Up on the fourth floor, we're basically living in the trees, and we have a wonderful unobstructed view of the East River. We love watching the nature change and shift from green to earthy tones, then to brown and white in preparation for winter. Since I'm a California girl at heart, I always love the summer, but I have to say I'm enjoying autumn more and more lately. We can turn off the air conditioning and open up the windows to let in the crisp air. I love that autumn is such a transitional season. The light and temperature changes, things come to an end, and your heart gets so full of sadness but also eagerness for the new energies to come.
What's the most sentimental thing hanging on your walls, and what's the story behind it?
The two pieces of art above my couch. The first piece—a silhouette of Jeremiah and me—was a wedding gift, and we found it so unique and thoughtful. The second is a thangka (a Tibetan painting) I created and painted with my teacher. It illustrates the five Buddhist families, which represents the five elements. As I worked on it, I was able to hash out some issues and start learning how to embody those five Buddha family energies. I just love it.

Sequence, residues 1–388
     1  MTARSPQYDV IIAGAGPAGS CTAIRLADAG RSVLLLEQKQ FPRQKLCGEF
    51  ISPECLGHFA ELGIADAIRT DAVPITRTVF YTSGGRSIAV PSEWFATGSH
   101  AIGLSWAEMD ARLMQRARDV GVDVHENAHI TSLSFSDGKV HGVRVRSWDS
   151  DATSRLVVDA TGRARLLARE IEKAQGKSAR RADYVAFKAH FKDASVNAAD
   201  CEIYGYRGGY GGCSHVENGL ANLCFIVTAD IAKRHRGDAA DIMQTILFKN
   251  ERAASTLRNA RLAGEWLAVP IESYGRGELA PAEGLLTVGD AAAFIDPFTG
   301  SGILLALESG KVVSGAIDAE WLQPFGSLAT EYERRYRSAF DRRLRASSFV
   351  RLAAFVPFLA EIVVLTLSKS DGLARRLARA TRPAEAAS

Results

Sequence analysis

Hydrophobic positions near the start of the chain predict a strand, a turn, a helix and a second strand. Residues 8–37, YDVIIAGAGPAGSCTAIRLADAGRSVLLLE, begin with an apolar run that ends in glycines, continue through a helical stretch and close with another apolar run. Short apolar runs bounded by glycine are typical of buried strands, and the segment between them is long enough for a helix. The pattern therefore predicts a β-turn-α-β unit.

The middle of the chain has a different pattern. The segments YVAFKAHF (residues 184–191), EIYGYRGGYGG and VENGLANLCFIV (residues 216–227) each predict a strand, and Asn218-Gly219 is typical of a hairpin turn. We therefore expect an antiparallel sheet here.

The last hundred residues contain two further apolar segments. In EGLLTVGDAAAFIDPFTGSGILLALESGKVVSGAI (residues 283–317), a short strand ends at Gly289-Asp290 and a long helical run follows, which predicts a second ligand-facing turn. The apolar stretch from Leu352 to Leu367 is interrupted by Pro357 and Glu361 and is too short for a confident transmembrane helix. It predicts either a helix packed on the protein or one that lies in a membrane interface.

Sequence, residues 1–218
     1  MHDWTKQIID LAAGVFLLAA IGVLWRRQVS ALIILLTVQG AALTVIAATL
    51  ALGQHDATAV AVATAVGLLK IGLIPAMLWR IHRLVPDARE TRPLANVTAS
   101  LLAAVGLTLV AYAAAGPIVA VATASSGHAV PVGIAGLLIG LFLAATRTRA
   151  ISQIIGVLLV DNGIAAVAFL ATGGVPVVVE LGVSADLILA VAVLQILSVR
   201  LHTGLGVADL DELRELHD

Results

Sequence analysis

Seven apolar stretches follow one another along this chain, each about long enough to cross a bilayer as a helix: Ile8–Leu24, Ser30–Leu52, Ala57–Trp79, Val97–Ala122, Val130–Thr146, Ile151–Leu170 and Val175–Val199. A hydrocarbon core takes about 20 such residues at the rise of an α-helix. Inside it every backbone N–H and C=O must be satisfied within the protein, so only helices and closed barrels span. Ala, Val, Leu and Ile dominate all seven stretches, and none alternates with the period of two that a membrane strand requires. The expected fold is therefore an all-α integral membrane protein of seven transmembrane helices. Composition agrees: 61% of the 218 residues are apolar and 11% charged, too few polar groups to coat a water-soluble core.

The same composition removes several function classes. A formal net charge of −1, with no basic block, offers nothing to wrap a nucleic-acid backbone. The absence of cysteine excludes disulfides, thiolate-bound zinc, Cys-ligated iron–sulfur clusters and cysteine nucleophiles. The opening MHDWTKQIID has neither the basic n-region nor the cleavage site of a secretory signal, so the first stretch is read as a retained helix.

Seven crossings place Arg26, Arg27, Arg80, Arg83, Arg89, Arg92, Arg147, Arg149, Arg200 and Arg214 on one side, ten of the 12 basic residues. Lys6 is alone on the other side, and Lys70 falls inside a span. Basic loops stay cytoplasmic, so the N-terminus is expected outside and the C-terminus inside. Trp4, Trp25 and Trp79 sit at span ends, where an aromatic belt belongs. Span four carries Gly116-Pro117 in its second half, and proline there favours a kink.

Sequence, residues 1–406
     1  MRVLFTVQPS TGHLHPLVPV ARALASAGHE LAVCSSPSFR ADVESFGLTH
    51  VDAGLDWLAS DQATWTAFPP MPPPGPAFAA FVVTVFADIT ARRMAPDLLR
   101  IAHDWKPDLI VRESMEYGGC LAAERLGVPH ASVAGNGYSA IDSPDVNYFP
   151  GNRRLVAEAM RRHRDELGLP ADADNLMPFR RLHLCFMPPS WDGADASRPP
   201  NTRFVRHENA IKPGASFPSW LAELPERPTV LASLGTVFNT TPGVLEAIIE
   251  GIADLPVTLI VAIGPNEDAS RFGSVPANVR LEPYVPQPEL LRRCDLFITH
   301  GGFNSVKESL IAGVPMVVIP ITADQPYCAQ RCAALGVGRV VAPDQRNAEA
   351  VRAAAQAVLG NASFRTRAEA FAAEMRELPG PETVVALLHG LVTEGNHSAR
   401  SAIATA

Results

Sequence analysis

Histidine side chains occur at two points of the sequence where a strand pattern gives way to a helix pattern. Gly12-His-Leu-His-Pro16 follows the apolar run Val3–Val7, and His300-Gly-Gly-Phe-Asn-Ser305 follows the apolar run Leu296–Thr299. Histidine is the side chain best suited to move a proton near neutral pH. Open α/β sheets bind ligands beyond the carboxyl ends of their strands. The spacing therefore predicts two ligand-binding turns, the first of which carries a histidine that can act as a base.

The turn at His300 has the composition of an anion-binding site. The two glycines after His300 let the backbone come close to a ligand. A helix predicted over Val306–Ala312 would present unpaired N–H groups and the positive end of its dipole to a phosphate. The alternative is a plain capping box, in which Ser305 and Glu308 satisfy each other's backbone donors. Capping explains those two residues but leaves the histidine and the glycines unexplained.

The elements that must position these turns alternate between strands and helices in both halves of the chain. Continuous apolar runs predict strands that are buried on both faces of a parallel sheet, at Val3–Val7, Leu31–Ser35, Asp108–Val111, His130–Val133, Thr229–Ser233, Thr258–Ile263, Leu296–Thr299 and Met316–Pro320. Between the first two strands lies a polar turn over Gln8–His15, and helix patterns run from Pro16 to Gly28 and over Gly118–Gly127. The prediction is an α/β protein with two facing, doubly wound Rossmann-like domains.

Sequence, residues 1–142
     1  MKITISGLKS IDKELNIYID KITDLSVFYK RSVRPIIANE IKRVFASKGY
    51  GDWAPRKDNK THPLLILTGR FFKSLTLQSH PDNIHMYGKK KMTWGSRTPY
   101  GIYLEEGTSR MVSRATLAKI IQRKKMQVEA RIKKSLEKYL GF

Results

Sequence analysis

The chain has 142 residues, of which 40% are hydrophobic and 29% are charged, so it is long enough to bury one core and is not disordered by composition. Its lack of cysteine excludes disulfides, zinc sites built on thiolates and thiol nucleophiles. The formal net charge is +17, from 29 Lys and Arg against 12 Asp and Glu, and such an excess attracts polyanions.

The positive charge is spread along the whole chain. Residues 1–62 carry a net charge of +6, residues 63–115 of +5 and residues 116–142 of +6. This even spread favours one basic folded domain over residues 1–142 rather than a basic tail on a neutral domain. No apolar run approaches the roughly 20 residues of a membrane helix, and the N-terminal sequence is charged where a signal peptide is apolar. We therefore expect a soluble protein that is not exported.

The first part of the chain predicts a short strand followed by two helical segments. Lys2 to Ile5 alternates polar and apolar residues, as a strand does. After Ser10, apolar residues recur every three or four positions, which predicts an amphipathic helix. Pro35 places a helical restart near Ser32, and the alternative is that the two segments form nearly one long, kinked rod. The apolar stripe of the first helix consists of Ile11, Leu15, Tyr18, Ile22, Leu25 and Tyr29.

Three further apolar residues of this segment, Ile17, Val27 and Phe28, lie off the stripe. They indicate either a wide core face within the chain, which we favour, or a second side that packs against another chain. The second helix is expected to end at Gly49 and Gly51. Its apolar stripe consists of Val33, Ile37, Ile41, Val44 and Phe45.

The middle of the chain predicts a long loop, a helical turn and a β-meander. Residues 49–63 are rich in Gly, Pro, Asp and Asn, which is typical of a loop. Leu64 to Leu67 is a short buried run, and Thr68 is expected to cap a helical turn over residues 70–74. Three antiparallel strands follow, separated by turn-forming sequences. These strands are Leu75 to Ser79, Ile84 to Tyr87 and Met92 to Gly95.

What's the best compliment you've ever received on your space?
Friends always comment that the space is peaceful and really embodies a sense of nourishment and love.
Recreate the look:
To peek inside more feel-good sanctuaries from around the world, check out the rest of our Holistic Home Tours.
Emma Loewe is the Sustainability and Health Director at mindbodygreen and the author of Return to Nature: The New Science of How Natural Landscapes Restore Us. She is also the co-author of The Spirit Almanac: A Modern Guide To Ancient Self Care, which she wrote alongside Lindsay Kellner.
Emma received her B.A. in Environmental Science & Policy with a specialty in environmental communications from Duke University. In addition to penning over 1,000 mbg articles on topics from the water crisis in California to the rise of urban beekeeping, her work has appeared on Grist, Bloomberg News, Bustle, and Forbes. She's spoken about the intersection of self-care and sustainability on podcasts and live events alongside environmental thought leaders like Marci Zaroff, Gay Browne, and Summer Rayne Oakes.